Where Exactly is Compliance in the New GRC Capability Model?

Where Exactly is Compliance in the New GRC Capability Model?
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Since I posted an outline of where Risk Management resides in Version 3.0 of OCEG’s GRC Capability Model recently, I’ve been getting requests from compliance officers to show them exactly where compliance management is in the Model. And again, the...

Since I posted an outline of where Risk Management resides in Version 3.0 of OCEG’s GRC Capability Model recently, I’ve been getting requests from compliance officers to show them exactly where compliance management is in the Model. And again, the answer is everywhere.

Just as with Risk Management, one of the key reasons for developing version 3.0 of the OCEG GRC Capability Model (widely known as the Red Book), was to have it better demonstrate the integrated nature of compliance management with setting of business objectives, running of business operations and management of risks that impact those operations. Compliance management too is pervasive, continuous and inextricably linked to every aspect of the Model and every aspect of business.

Whether we are talking about managing a particular area of legal compliance such as anti-corruption or day to day oversight of compliance with company policies, truly effective compliance management demands continuous learning about changes in both mandatory requirements (laws, rules, regulations) and voluntary commitments that the organization establishes. Changes in either of these may call for realignment of the actions and controls put in place to ensure compliance with objectives or strategies, if not changes to those objectives or strategies. It requires design and implementation of a wide range of management actions and controls to ensure compliance with requirements, as well as evaluation of the effectiveness of those actions and controls.

These activities of compliance management weave throughout the practices within the four components of the GRC Capability Model (Learn, Align, Perform, and Review). By asking the following questions based on the four components of the Model, you’ll see what I mean. The answers here aren’t comprehensive, but it’s a start.

How do we LEARN what we need to know to effectively manage compliance?

  • Identify and monitor “mandatory” requirements (planned and actual) in legislation, regulation and case law relevant to current and planned business operations
  • Identify and monitor “voluntary” requirements that the organization has set for itself or agreed to by participation in trade associations, contracts or other relationships
  • Identify all the methods by which the organization currently manages compliance with requirements, potential weaknesses if requirements were to change, and current areas in need of improvement to ensure compliance
  • Identify and monitor ways that peers, competitors and stakeholders manage or recommend managing compliance, as well as changes in technology and other support for management of compliance.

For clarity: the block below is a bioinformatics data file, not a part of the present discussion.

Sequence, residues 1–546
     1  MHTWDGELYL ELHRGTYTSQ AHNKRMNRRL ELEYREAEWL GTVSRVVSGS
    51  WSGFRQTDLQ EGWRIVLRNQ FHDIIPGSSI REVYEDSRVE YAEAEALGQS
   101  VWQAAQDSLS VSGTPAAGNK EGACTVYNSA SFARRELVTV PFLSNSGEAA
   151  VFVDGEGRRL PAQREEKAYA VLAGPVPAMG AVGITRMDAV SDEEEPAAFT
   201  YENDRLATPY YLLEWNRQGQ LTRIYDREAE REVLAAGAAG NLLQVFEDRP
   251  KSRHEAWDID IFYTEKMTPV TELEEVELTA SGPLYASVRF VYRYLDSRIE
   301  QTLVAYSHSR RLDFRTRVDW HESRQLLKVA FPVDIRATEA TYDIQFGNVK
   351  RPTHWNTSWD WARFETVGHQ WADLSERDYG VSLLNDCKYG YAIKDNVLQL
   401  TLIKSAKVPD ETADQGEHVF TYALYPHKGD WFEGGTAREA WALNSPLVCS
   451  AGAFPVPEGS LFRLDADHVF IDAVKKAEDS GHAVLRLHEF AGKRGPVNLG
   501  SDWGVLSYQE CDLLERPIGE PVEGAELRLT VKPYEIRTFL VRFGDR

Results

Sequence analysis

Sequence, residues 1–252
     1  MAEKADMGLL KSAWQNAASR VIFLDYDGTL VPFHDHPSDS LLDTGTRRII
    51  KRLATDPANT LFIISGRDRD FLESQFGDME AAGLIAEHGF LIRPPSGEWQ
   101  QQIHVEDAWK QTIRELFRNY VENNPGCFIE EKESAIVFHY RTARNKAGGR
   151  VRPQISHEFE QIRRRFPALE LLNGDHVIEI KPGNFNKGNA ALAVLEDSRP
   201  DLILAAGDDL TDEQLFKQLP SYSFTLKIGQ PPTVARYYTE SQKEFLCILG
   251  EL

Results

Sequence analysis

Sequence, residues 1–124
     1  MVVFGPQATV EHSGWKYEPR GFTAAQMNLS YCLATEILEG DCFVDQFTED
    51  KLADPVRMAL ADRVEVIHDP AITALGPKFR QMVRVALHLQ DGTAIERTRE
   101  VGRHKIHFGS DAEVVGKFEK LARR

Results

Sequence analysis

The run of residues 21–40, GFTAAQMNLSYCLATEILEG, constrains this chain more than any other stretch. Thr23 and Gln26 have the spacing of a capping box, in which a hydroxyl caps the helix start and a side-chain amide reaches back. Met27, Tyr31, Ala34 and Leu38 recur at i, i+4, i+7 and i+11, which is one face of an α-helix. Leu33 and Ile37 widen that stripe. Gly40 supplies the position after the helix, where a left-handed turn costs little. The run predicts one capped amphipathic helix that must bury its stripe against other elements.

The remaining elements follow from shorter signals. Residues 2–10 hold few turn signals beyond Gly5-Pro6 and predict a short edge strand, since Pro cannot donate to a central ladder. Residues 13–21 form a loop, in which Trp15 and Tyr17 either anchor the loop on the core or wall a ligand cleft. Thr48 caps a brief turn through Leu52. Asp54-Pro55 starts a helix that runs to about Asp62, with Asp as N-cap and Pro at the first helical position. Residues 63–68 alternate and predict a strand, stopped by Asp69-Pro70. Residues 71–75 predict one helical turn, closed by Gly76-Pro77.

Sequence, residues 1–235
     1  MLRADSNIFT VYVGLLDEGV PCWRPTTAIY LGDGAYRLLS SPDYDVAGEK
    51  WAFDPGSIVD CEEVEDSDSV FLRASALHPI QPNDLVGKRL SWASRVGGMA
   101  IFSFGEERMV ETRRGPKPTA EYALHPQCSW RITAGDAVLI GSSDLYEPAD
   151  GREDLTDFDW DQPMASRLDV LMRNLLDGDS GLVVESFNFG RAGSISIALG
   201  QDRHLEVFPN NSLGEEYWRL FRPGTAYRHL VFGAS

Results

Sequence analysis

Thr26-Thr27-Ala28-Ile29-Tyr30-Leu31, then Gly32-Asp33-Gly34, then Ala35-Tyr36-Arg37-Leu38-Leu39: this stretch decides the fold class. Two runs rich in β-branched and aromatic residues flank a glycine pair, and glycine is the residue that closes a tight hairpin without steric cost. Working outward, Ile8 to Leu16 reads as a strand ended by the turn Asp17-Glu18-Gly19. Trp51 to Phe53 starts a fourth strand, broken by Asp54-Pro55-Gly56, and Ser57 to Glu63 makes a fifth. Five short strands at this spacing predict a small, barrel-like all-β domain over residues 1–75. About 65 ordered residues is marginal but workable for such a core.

• Observe and analyze the existing climate and individual mindsets about the degree to which management and the workforce believe the organization expects and supports responsible behavior, ethical conduct and integrity

How do we ALIGN compliance management with our objectives and strategies?

  • Measure and evaluate impact of requirements on business objectives, strategies and operations
  • Determine if any requirements have so much impact (cost, time, risk) that there should be a change to any objectives, strategies or operations
  • Prioritize and categorize the effects of requirements and of the likelihood and impact of failure to comply, and on that basis determine resource allocation for each
  • Determine what management actions and controls should be put in place to address each compliance requirement based on prioritization

What actions and controls do we need to PERFORM and REVIEW as part of ongoing compliance management?

  • Implement a variety of control types to prevent, detect and correct compliance failures
  • Establish codes of conduct and policies and keep them fresh in light of changes
  • Provide a multi-pathway approach to enable the workforce to pull guidance when they need it and to push communication and reminders to them
  • Design and deliver needs based compliance education curriculum and plans for different audiences, including executives, managers, workforce and selected third parties
  • Establish incentives and rewards for desired conduct and discipline for undesired conduct
  • Establish procedures for remediation of noncompliance or conditions that may affect compliance, and methods to identify needed changes
  • Periodically and in some cases continually review established actions and controls to ensure their design remains appropriate and they operate as designed

You can download a free copy of the GRC Capability Model 3.0 and learn more.

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